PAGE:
Basically a rewrite of the 1966 John Frakenheimer horror masterpiece Seconds, but with a happy ending, Self/Less lacks the courage of the original film’s convictions, but somehow still works as a little suspense movie with a terrific cast. Even hammy Ben Kingsley is precise and smarmy in the story of an old plutocrat—an architect not unlike Robert Moses—who learns of a hush-hush company that promises to extend your life by transferring your brain into a new body they claim to have cloned. When Kingsley wakes up in Ryan Reynolds’s body, he quickly learns the side effects, deep guilt and your basic movie moralisms against cheating Mother Nature and intruding in God’s laboratory.

In Frankenheimer’s hands, this was a story of existential dread compounded by a heartless system at work grinding out heartless money. It was also augmented into even creepier territory by the great cinematographer James Wong Howe. You might imagine if anyone could recapture a gloriously excessive visual style, it would be Tarsem (The Fall) Singh, a director specializing in stylish exotica. But this is a remake as action film and ends up owing more to John Woo’s Hard Target than to anything from 1960s Hollywood.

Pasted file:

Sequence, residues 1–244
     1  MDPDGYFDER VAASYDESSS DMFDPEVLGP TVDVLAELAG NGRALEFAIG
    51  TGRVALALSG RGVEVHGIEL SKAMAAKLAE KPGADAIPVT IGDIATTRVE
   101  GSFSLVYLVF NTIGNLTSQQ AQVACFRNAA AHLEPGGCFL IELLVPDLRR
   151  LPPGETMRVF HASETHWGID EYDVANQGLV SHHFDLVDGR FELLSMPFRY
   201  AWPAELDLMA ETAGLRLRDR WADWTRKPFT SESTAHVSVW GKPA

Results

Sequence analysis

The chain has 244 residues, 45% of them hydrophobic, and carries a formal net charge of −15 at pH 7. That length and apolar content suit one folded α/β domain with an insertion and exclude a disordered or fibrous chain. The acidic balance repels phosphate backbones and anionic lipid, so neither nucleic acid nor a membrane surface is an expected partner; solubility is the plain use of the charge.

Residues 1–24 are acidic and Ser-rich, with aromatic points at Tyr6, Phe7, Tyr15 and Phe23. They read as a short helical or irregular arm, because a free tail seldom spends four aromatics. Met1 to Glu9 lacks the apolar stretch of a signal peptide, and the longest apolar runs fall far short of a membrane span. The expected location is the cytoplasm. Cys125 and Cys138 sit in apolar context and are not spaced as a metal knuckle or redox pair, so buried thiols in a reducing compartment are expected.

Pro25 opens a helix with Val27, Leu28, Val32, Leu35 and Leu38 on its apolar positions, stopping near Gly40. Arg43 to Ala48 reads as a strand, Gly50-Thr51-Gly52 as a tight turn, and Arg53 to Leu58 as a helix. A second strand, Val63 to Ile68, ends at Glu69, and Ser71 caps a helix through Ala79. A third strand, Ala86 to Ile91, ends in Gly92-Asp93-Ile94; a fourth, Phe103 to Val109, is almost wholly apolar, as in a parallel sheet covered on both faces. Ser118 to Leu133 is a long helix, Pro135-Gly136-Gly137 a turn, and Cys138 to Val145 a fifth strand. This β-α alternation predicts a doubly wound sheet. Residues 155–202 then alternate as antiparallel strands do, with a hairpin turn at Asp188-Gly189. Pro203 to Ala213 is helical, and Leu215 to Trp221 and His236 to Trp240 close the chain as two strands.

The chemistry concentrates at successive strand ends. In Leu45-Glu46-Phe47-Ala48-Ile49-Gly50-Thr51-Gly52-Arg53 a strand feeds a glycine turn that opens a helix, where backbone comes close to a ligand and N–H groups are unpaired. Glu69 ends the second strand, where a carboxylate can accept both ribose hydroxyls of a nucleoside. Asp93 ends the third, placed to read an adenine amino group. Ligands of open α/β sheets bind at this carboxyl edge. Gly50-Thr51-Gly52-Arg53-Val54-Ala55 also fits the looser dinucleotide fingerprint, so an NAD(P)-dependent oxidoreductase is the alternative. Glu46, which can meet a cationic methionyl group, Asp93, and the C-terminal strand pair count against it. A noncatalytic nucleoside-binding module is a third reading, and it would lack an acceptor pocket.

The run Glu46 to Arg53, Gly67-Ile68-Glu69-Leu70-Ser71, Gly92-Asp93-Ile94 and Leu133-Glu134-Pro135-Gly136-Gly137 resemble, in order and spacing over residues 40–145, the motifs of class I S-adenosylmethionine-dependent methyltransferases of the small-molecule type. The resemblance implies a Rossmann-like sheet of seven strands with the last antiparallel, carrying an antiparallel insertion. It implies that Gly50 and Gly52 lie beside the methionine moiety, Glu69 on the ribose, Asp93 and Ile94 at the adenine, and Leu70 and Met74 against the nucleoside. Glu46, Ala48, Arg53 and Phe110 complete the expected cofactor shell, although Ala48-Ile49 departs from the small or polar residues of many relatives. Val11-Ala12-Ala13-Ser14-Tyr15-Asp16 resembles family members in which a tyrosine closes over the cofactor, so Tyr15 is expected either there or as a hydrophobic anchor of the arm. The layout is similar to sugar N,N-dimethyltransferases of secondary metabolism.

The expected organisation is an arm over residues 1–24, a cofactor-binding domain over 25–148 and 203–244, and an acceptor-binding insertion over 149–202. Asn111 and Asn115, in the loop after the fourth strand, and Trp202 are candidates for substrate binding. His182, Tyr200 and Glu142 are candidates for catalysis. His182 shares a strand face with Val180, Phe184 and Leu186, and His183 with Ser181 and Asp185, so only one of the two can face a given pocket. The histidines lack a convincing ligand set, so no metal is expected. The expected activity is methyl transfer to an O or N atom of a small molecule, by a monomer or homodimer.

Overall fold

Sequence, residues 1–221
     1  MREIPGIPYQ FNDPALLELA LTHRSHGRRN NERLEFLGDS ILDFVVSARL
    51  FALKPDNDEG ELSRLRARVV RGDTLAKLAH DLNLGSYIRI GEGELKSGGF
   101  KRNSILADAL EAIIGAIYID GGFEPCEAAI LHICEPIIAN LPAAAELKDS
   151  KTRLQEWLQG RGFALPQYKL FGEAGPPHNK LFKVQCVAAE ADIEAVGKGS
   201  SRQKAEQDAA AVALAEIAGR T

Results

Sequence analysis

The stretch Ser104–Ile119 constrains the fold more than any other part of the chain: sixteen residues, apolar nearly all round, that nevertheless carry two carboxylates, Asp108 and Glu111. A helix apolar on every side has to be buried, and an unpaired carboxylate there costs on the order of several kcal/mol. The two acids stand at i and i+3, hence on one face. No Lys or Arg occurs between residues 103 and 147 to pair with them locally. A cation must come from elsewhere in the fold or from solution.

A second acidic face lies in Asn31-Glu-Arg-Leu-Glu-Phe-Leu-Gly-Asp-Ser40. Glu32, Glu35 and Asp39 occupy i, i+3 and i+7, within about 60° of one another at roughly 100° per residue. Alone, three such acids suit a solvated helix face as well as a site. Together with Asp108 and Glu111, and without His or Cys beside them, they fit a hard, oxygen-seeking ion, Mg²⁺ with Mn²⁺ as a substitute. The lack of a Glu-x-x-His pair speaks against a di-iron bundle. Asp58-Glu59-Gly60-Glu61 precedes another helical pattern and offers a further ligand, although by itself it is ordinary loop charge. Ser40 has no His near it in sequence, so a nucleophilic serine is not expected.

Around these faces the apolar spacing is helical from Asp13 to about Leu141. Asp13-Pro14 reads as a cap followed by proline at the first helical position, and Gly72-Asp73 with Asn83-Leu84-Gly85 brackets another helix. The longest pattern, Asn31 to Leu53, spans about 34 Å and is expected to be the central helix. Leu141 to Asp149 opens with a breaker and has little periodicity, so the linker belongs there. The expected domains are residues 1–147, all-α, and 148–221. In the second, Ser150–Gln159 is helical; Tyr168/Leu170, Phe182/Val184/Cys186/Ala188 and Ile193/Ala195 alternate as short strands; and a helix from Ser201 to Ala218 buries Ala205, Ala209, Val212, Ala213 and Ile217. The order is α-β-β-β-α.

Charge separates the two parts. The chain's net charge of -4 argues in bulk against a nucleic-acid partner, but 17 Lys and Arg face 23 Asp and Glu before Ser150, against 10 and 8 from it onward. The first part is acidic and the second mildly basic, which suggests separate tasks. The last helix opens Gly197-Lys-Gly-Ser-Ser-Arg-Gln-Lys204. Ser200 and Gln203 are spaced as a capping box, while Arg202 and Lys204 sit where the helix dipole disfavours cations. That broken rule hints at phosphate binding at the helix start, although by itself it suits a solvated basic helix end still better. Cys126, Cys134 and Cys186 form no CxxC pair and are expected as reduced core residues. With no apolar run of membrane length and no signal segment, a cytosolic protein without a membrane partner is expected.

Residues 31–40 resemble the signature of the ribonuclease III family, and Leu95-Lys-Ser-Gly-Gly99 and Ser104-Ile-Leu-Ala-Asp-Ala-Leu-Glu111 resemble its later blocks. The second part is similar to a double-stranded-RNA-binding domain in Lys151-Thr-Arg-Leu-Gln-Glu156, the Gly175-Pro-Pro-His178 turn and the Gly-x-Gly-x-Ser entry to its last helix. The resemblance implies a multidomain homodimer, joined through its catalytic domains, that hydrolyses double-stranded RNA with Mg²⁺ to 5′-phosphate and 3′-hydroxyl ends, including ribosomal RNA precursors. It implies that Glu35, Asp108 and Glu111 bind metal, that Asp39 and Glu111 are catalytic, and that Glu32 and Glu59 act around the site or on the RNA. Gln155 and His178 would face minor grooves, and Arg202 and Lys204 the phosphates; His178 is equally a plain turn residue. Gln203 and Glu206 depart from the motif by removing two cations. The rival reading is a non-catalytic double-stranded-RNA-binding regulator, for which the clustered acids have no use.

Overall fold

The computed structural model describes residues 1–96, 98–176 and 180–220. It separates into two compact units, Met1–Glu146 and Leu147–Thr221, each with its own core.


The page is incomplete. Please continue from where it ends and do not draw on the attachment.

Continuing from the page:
It’s satisfying, not great. Someday some professor will pass judgment on this vision of American capitalism compared to the more paranoid and pessimistic one Frankenheimer set down just months before the Summer of Love dawned. The original has footage of a Mountain Drive nude grape stomp; this one has Reynolds saying, “It has that new body smell.”


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